Slovak elections: Opposition OLaNO wins, no growth in votes for fascist party
The parliamentary elections in Slovakia over the weekend were convincingly won by the opposition anti-corruption movement Ordinary People and Independent Figures (OLaNO), chaired by Igor Matovič. The movement earned more than a quarter of all votes cast on Saturday.
The outcomes have been published by the Bureau of Statistics. Slovak Prime Minister Peter Pellegrini, the leading candidate for the governing Směr-SD (Direction - Social Democracy) party, congratulated the OLaNO movement on its victory and conceded his party's move into opposition.
Compared to the estimates generated by previous surveys of the electorate, the fascist People's Party "Our Slovakia' (LSNS) party, chaired by Marian Kotleba, scored fewer votes than predicted and did not make any gains. OLaNO, with 25.02 % of the vote, kicked the strongest governing party, Směr-SD, which has long dominated politics in the country, to second place.
On Saturday Pellegrini's party won just 18.3 % of the vote, the weakest outcome ever for the four-time winner of Slovakia's national contests. Third place went to the opposition party "We Are the Family" (Jsme rodina), with 8.26 % of the vote, overtaking the fascist LSNS, which won 7.98 %, practically the equivalent of their surprise result in 2016 and a significant downgrade from pre-election surveys that predicted the fascists would win as much as 13 % of the vote and even spoke of them as a possible victor.
The opposition Freedom and Solidarity (Svoboda a solidarita) party also made it into the unicameral legislature, as did the new party "For the People" (Za lidi) led by former Slovak President Andrej Kiska, with 5.76 %. Surprisingly, compared to pre-election estimates and surveys, the coalition of the Progressive Slovakia/Together (Progresivní Slovensko/Spolu) parties, which have yet to be seated nationally, did not cross the threshold despite winning the elections to the European Parliament last year.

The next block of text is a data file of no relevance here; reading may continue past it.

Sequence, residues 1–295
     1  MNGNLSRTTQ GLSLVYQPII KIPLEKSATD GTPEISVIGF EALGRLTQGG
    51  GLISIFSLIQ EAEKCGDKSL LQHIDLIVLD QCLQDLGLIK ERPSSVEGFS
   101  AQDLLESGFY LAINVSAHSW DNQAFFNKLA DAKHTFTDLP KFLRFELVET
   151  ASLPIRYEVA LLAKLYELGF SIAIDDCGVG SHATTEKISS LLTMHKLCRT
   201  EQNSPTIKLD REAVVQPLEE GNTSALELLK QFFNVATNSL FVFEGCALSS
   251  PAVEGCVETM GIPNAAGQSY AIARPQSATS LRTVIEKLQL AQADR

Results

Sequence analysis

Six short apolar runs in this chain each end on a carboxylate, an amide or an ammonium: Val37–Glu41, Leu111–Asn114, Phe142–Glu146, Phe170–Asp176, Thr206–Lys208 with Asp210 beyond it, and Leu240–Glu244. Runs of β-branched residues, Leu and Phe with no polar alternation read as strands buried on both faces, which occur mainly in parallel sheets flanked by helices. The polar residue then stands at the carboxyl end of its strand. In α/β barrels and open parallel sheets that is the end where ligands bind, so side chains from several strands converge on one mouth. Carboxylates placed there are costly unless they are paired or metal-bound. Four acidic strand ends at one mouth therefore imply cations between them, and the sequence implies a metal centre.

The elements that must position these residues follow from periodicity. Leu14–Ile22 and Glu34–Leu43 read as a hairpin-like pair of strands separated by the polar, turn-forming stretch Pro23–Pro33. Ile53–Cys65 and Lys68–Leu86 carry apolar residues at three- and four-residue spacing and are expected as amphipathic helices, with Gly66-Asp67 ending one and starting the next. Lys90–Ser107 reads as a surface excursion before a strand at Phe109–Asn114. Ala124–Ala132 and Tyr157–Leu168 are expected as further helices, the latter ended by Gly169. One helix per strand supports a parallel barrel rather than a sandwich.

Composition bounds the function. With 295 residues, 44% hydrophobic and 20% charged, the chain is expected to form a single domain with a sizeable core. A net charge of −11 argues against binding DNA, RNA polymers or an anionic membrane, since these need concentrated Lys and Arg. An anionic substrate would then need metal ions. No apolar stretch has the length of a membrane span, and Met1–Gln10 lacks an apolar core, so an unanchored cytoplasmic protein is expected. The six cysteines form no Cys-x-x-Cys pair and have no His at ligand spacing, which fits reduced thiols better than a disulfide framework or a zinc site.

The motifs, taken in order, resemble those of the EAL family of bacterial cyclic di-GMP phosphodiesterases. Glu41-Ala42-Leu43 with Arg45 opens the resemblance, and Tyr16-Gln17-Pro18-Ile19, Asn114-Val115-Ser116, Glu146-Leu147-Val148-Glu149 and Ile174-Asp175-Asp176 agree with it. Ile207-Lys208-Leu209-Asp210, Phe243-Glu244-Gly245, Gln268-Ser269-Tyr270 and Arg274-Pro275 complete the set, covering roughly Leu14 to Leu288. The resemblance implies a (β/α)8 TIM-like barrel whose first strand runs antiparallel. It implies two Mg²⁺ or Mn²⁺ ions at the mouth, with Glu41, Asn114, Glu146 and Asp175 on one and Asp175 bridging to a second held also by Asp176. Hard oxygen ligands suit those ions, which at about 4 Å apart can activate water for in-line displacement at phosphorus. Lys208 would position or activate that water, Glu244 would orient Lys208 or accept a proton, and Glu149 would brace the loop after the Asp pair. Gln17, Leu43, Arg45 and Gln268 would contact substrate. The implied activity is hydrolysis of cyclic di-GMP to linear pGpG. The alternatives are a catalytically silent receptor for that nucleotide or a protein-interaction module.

Current Slovak President Zuzana Čaputová also previously emerged victorious from the Progressive Slovakia party. The threshold for coalitions to enter the legislature is 7 %, and PS/Spolu earned 6.94 %.
The Christian Democratic Movement (KDH) earned 4.64 % of the votes, not enough to qualify for a seat. Also, for the first time since the fall of communism in 1989, the Hungarian minority, who are numerous, will not have their own party represented in the legislature.
The lack of Hungarian minority representation was clear well before the final results were reported. Hungarian minority leader Béla Bugár, whose Most-Híd ("Bridge") party has always been among the governing coalition partners of Směr-SD, has announced his resignation.
The chair of the KDH, Alojz Hlina, has also announced he is stepping down. The highest number of preferential votes for an individual candidate was earned by Igor Matovič (almost 480 000), followed by Slovak PM Pellegrini, whose total far exceeded the preferential votes earned by the chair of Směr-SD, Robert Fico, who earned the third-highest preferential vote score.
Pellegrini congratulated Matovič and the OLaNO movement on their victory in front of journalists over the weekend. "The winner is clear," Pellegrini declared after the votes had been counted from more than half of the polling places.
The PM admitted that Směr-SD was most probably heading into opposition after dominating politics in Slovakia for many years. He also announced that the entire leadership of Směr-SD, including the chair, Fico, would be making a statement at another press conference.
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